>as far as I can tell, although I never figured out what it stands
>for if it is), whereas Unix is a pun on Multics.  If you are system

	Advanced Interactive eXecutive.

>solve issue #787873574.  Isn't Unix supposed to be fun?  Is AIX fun?

	Ooh, I dunno, I always found slamming in more disk for different
partitions in multiuser kinda fun, as well as boosting maxuprocs/maxusers
while production DBs were on full bore..  fiddling with shm* in multiuser
is possible as well IIRC, as is fiddling with the vmtune/schedtune..  

	Then again, it's also fun _not_ to have to worry about a system,
and when I started on AIX/Solaris, I spent 2x as much time worrying about
2 Solaris boxes than 10 AIX boxes..


>very little loss of functionality.  Of course, it does have its
>foibles too -- you can't just use "cplv" to copy a filesystem,
>even though a filesystem feels like just a data structure that

	man crfs
	man cplv # note the -e flag!

	How tough is that?  IIRC, you may be able to simply cplv and then
manually update the /etc/filesystems file, but it's been 2+ years since
I've been on RS6K equipment ;(

>"reorgvg" is a sight to behold, and it's a great thing to sit
>there and thing, "if this were a Sun, I'd be unplugging disks
>and editing files left and right to get *this* accomplished, and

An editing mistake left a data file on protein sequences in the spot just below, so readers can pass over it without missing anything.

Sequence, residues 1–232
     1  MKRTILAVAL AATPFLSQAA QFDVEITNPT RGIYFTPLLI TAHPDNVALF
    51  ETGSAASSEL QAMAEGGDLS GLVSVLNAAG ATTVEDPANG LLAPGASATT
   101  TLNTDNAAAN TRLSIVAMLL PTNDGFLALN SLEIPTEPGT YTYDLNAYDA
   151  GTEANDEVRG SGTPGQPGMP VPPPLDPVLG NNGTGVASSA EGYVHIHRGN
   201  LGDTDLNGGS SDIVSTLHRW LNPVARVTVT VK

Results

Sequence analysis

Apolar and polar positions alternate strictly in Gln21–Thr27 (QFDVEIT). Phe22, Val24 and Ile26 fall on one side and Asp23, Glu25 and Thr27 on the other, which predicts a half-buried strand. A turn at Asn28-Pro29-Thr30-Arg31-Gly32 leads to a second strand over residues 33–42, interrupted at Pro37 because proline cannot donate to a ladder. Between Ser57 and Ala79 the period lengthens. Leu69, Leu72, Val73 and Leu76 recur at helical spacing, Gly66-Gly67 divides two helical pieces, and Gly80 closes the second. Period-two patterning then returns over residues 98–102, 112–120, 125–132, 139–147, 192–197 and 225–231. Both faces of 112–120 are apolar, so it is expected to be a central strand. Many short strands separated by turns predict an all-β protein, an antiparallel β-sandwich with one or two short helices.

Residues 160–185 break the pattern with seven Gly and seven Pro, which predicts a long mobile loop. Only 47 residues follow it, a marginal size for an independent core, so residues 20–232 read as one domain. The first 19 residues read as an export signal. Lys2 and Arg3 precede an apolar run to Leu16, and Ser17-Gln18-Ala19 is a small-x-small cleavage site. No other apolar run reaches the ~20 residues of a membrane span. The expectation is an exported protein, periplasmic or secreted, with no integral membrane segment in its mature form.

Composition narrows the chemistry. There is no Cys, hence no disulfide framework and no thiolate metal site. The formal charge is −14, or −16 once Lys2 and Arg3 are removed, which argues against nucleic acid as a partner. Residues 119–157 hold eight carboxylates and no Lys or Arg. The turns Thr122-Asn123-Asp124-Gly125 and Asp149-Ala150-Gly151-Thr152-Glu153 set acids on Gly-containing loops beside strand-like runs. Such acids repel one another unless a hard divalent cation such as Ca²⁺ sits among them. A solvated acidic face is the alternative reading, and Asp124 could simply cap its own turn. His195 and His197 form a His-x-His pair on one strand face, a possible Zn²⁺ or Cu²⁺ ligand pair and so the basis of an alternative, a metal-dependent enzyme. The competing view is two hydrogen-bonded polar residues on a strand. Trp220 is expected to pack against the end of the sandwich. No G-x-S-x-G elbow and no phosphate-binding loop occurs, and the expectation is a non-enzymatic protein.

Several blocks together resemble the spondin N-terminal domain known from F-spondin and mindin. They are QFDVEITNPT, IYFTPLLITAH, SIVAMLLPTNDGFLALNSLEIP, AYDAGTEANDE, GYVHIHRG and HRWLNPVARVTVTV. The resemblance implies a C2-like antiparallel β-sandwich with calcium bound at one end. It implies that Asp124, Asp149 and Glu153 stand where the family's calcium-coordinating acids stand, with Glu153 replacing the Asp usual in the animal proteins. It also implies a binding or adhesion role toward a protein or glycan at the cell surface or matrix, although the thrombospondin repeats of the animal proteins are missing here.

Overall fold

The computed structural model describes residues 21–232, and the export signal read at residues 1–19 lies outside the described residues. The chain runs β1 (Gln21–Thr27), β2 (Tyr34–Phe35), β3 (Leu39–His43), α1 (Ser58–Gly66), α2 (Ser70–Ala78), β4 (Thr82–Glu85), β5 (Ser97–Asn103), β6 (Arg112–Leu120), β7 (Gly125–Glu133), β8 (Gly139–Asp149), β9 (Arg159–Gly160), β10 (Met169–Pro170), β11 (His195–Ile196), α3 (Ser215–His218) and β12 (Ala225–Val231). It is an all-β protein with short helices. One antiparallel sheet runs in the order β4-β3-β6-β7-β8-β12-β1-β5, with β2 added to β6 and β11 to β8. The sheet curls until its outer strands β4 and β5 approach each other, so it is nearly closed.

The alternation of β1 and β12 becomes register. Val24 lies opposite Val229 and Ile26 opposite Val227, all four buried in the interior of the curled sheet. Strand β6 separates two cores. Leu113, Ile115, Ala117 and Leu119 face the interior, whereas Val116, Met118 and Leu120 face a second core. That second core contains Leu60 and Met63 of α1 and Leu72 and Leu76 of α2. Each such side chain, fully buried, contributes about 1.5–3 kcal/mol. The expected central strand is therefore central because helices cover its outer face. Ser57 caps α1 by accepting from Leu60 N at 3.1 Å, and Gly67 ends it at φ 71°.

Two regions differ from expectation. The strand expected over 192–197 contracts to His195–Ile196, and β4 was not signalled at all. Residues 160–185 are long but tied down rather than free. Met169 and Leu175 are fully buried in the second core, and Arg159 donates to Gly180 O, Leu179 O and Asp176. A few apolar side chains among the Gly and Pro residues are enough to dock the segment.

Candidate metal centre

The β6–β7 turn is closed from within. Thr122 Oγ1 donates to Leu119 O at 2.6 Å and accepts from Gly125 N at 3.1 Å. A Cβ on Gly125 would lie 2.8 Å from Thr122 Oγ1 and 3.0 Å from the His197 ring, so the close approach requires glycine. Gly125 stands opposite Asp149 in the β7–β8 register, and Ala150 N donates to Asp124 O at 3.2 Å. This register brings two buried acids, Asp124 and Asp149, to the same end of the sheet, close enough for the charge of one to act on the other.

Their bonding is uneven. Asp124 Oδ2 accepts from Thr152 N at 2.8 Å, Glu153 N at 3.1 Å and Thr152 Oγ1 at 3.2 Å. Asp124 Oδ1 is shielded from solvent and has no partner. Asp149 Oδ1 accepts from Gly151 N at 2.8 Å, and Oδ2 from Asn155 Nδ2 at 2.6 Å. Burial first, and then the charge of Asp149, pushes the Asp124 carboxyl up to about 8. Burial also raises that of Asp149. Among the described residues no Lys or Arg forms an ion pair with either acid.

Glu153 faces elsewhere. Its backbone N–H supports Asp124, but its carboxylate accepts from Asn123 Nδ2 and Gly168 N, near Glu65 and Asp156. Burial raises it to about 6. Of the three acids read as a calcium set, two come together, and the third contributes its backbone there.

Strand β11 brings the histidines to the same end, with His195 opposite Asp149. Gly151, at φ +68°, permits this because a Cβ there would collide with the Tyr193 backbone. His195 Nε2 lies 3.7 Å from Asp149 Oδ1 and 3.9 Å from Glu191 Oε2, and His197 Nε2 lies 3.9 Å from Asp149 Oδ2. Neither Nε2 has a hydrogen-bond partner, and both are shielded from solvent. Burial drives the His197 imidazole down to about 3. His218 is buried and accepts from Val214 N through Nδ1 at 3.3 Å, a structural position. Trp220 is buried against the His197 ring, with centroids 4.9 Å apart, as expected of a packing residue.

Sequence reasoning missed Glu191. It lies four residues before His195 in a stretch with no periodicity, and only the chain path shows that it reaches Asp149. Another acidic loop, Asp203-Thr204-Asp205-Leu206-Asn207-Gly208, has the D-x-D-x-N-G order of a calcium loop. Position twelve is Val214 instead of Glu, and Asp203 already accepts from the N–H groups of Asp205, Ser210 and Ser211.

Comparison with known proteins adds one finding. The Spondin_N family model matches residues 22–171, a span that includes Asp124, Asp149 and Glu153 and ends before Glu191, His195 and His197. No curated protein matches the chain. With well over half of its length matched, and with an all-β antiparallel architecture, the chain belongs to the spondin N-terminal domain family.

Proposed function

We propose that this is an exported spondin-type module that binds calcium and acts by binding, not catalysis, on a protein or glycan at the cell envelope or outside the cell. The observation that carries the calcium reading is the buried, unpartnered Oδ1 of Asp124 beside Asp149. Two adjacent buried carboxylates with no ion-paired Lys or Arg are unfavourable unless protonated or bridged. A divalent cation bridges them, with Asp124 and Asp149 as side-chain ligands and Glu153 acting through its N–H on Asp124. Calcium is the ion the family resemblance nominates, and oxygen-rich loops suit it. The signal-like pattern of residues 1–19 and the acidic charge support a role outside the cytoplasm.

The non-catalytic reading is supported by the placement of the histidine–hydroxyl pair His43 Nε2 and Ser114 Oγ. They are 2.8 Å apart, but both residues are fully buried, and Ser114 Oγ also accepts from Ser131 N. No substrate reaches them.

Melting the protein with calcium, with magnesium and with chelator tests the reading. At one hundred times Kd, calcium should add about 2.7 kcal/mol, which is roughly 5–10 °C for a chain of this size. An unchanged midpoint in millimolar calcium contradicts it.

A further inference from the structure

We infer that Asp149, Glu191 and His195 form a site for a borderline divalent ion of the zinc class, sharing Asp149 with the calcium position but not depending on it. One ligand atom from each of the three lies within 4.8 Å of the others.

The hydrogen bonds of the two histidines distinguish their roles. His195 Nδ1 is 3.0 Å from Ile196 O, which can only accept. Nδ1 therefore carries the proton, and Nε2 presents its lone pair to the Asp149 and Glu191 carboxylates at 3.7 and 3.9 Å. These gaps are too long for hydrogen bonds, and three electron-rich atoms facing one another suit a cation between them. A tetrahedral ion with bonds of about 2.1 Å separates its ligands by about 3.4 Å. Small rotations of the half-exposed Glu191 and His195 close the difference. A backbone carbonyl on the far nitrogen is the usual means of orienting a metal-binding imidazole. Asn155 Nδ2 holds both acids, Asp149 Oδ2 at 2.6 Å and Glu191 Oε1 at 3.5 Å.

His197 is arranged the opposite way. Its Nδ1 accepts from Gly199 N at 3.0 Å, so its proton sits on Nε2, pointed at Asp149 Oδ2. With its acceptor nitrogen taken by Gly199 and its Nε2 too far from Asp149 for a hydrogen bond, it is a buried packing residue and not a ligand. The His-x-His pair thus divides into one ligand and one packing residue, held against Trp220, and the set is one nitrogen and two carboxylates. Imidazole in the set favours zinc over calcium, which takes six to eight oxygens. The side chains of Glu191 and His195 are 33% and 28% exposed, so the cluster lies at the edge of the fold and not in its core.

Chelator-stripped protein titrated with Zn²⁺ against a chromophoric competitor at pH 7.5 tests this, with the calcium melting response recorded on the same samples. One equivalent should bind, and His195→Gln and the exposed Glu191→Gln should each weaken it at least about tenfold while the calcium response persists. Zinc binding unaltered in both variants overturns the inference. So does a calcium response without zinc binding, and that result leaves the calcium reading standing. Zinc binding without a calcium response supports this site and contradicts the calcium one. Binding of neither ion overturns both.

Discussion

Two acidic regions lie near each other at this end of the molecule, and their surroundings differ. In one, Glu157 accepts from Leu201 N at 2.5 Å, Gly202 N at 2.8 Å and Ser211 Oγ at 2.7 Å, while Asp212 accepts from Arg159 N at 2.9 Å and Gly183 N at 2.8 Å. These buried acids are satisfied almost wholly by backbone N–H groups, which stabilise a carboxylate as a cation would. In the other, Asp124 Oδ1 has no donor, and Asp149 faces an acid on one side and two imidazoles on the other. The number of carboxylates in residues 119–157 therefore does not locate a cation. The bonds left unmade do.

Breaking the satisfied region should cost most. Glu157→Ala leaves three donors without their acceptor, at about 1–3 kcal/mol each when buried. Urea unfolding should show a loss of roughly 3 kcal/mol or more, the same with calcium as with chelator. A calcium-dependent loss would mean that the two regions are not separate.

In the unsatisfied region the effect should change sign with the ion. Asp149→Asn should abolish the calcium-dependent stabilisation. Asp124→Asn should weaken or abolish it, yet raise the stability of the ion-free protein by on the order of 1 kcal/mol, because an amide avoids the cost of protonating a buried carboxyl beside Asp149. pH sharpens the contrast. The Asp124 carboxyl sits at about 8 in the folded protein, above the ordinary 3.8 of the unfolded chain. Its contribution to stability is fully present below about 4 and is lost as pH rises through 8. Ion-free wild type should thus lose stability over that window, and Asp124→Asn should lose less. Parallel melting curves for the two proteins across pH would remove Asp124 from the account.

>the system would be down".  But, in the back of my head, I'm
>always thinking, "Is this reorgvg going to spontaneously blow
>away all my data due to some teency little bug?"  At least with

	Backups?  Besides, I would be surprised if reorgvg (or even
mksysb) gave errors that weren't reported on usenet.. 

>the manual method, you take intentional steps and you can say
>to yourself, "now, at this step, I'm going to overwrite some
>data, and I'm *sure* that that's O.K., right?"  Once again on
>the other hand, I've moved disks from one Sun to another with
>Disksuite, and I had to edit some file and from it recreate an
>on-disk database to reflect changed controller numbers and other
>miscellaneous weird stuff.  On AIX, each disk would have been
>marked with a unique identifier, and the system would just find
>the right disks no matter what controller they're on.

	That's the difference between something being integrated into the
OS (with all the concomitant benefits/drawbacks) and being an bolt-on..
Optimizations and stuff..

>make the experience more frustrating and stressful.  I'm sure
>if I thought a while, I could thing of some major advantages
>that Sun has over AIX, too.

	Sun has wider app support, better price/performance, more admins,
more HW support (SPARC/Intel), more 'compatability' when it comes to